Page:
Google Says Net Neutrality Won’t Curb Expansion Of Google Fiber

Opponents of the net neutrality rules pending before the Federal Communications Commission claim that they would be an impediment to investment and slow the expansion and improvement of broadband networks around the country. But the folks at Google, who just added four new major markets for its Google Fiber service, aren’t terribly worried.

“The sort of open Internet rules that the [Federal Communications Commission] is currently discussing aren’t an impediment to those plans,” Google recently told the Washington Post, “and they didn’t impact our decision to invest in Fiber.”

What those opposed to neutrality rules gloss over is that the guidelines under consideration by the FCC existed from 2010 until early 2014, when Verizon convinced a federal appeals court to gut them, claiming that the Commission lacked the statutory authority to enforce the rules.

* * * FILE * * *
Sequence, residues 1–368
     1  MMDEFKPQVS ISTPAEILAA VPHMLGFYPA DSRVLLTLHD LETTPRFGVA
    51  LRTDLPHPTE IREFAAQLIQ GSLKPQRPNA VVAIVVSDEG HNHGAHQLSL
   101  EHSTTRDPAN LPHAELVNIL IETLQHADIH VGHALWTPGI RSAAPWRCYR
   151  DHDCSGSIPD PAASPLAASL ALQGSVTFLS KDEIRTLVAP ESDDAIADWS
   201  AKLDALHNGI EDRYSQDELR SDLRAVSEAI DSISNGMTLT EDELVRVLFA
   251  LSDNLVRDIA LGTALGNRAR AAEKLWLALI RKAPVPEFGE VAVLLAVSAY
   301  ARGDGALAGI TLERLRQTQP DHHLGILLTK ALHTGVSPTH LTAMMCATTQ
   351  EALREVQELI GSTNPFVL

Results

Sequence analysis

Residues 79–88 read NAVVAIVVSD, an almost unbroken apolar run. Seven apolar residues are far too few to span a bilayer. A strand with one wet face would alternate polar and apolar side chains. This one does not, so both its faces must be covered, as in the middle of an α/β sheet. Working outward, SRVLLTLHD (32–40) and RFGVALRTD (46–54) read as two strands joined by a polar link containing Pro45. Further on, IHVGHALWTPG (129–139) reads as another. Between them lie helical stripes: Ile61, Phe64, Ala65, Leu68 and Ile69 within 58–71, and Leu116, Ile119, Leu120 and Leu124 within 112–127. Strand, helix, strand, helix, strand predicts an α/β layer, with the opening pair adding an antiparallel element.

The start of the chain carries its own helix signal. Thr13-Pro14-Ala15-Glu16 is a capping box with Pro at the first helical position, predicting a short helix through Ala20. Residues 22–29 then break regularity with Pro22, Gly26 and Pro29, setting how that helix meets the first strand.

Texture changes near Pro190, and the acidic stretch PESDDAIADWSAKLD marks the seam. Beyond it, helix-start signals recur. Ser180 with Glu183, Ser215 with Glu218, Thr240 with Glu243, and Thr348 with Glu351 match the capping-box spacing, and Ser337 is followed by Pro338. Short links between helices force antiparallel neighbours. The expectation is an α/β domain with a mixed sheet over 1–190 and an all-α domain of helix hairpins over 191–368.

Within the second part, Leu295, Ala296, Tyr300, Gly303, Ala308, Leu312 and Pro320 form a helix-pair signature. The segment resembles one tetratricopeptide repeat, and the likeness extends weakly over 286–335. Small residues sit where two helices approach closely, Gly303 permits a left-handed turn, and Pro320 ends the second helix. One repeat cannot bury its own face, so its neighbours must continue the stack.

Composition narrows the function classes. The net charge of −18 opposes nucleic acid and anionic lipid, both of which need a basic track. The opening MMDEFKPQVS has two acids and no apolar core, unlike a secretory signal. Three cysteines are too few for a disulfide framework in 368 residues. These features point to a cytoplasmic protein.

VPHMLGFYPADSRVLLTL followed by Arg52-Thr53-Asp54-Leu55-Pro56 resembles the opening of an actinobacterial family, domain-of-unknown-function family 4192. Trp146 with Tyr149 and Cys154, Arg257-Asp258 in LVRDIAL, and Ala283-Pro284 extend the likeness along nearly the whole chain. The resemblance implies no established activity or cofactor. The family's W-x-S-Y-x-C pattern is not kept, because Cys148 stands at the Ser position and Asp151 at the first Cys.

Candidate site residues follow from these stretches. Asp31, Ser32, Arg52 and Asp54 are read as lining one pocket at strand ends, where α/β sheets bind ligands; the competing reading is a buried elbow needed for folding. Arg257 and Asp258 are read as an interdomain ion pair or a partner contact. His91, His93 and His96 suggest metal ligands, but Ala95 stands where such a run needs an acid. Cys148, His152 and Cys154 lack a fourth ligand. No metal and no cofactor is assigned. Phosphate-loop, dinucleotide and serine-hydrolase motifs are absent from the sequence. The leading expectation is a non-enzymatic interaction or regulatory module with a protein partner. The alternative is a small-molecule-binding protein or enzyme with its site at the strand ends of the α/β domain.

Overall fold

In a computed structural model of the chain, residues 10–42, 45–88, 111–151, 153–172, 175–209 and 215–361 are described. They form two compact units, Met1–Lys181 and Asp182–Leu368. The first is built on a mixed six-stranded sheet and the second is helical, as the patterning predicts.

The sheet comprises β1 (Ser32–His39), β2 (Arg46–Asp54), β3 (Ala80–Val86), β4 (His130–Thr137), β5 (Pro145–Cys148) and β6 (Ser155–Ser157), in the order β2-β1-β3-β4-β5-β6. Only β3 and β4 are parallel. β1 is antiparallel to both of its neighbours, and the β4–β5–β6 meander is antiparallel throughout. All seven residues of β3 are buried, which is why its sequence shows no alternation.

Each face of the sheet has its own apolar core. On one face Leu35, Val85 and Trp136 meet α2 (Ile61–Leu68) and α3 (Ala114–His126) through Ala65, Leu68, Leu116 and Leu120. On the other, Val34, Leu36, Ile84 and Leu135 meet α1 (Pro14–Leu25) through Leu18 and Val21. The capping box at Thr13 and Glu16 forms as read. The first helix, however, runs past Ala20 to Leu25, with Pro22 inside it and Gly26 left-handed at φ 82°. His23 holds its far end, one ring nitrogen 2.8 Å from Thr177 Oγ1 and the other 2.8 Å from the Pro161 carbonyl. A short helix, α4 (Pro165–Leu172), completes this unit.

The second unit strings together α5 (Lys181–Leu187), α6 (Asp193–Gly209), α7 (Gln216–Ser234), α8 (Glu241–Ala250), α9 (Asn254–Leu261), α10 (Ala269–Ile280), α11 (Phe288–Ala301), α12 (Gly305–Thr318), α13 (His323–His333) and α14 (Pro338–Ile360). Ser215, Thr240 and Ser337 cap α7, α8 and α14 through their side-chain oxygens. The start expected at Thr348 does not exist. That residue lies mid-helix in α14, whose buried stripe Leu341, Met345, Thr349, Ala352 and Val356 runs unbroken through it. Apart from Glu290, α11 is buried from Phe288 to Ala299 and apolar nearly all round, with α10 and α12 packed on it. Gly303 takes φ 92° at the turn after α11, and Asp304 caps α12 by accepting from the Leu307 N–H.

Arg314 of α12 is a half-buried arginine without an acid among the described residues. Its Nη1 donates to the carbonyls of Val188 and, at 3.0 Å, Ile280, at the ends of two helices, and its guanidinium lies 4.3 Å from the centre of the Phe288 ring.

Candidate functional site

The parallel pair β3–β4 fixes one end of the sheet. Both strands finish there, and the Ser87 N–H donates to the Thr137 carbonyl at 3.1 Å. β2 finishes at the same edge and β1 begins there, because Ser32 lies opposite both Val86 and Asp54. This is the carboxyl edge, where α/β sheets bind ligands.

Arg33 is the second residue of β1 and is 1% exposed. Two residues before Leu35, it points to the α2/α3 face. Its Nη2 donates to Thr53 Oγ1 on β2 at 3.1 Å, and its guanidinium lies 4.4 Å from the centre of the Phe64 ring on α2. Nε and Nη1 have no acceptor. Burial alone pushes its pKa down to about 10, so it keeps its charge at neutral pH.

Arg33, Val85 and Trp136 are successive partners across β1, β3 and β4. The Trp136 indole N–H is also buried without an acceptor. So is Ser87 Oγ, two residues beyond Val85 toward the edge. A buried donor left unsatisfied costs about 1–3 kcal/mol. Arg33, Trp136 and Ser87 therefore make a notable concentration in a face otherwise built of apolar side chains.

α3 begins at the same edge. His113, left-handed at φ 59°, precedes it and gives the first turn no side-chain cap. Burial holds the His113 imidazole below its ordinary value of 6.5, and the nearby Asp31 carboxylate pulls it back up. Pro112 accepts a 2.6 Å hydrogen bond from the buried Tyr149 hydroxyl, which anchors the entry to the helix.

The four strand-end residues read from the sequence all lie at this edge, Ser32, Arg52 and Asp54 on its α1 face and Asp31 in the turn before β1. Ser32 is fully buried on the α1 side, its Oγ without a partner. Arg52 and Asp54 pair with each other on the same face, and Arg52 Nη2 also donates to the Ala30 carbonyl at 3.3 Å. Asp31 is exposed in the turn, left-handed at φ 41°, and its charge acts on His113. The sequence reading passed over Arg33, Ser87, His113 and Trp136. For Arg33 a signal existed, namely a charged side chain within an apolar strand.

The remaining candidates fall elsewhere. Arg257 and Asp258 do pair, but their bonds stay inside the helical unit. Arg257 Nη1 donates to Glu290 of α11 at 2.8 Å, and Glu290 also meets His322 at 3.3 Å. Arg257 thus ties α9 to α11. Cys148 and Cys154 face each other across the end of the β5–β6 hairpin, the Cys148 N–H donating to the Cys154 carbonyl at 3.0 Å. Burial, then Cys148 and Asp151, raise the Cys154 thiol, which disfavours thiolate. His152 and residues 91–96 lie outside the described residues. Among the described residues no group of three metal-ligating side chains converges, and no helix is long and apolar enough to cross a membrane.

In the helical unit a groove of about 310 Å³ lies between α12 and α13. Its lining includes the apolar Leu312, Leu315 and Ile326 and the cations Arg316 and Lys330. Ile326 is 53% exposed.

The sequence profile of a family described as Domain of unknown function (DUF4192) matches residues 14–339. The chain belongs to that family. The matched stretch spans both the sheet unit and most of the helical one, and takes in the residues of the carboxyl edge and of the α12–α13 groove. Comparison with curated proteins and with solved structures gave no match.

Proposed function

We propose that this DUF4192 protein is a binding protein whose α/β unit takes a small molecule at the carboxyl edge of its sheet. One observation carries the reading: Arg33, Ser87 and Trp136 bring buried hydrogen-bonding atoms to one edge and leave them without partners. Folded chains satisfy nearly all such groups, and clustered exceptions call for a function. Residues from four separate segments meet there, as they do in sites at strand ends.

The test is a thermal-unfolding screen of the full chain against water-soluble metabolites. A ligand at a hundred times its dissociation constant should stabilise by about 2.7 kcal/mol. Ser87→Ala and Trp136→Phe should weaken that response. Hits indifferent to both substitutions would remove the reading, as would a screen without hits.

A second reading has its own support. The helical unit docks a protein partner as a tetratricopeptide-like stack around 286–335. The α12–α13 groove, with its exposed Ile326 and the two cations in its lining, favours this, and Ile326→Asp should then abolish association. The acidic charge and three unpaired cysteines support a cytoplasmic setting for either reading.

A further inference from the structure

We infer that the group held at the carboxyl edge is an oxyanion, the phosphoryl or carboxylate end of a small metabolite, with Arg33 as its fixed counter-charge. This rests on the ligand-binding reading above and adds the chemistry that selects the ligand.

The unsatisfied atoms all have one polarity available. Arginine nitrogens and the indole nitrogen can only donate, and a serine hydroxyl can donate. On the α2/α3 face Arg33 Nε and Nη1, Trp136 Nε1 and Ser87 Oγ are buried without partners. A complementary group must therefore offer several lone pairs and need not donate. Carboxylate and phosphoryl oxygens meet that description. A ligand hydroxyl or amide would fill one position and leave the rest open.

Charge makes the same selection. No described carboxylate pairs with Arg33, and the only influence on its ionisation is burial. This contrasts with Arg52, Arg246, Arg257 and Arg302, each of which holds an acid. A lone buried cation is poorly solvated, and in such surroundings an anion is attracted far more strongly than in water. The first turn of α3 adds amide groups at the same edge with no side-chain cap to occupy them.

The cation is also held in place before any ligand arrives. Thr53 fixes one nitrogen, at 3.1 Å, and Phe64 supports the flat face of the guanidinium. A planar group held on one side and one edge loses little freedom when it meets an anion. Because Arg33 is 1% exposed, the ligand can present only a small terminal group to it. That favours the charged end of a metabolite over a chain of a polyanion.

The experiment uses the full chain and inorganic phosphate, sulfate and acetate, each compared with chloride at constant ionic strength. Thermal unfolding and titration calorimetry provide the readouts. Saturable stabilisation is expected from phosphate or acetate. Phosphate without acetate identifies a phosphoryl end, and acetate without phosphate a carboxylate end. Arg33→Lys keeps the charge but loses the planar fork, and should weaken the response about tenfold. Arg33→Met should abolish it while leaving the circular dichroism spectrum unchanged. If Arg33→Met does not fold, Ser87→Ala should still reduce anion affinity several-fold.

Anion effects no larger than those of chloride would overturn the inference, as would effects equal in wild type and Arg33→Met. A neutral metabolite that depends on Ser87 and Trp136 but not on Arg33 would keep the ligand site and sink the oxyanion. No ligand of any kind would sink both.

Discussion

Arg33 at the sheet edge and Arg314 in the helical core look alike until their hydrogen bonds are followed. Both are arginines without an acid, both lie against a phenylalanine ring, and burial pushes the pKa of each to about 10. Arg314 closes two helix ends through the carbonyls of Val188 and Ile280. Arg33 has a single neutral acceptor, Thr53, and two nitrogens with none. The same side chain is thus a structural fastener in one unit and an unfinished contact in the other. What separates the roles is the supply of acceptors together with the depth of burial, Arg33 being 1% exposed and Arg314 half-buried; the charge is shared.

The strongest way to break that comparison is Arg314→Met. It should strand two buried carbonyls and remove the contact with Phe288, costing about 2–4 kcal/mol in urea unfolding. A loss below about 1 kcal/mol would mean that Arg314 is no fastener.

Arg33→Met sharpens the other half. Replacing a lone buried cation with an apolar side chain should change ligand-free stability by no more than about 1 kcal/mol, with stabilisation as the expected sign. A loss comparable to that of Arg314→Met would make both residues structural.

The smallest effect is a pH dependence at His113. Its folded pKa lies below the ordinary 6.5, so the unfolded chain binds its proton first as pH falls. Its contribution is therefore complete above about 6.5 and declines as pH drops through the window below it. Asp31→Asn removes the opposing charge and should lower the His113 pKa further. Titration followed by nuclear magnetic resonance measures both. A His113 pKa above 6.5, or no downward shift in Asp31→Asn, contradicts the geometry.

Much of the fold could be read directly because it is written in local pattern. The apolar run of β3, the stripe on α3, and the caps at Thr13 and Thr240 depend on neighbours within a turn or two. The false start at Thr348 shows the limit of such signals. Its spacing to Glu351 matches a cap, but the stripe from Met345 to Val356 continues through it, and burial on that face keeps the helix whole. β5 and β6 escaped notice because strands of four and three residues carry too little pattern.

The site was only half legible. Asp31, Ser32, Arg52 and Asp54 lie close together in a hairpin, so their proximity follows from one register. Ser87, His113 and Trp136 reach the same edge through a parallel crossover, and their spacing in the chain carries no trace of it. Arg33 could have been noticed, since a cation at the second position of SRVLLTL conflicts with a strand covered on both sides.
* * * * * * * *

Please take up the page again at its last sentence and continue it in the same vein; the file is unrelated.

During the years it was in place, net neutrality had no discernible impact on investment or innovation, as new technologies were developed and deployed. Perhaps even more money and time could have been invested if Verizon hadn’t spent so much of both trying to scuttle the 2010 rules?

What’s being considered now is nearly identical to what the FCC had in place during those years, but may include an attempt to reclassify broadband as the vital piece of telecommunications infrastructure that it has become.

As points out, reclassification may actually aid the deployment of competing new services like Google Fiber by clarifying when and how these companies could have access to utility poles, rather than forcing newcomers to dig trenches or pay extortionate fees to get their lines up.

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